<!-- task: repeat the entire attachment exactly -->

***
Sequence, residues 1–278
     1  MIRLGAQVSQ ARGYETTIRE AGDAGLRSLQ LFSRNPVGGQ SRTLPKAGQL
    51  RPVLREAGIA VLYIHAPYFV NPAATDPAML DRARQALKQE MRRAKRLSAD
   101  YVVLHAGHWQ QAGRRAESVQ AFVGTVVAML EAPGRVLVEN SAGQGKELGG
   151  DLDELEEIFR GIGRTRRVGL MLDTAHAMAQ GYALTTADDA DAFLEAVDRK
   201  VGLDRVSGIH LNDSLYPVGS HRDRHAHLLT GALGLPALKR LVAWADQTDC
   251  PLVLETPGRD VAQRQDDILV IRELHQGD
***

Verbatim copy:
Sequence, residues 1–278
     1  MIRLGAQVSQ ARGYETTIRE AGDAGLRSLQ LFSRNPVGGQ SRTLPKAGQL
    51  RPVLREAGIA VLYIHAPYFV NPAATDPAML DRARQALKQE MRRAKRLSAD
   101  YVVLHAGHWQ QAGRRAESVQ AFVGTVVAML EAPGRVLVEN SAGQGKELGG
   151  DLDELEEIFR GIGRTRRVGL MLDTAHAMAQ GYALTTADDA DAFLEAVDRK
   201  VGLDRVSGIH LNDSLYPVGS HRDRHAHLLT GALGLPALKR LVAWADQTDC
   251  PLVLETPGRD VAQRQDDILV IRELHQGD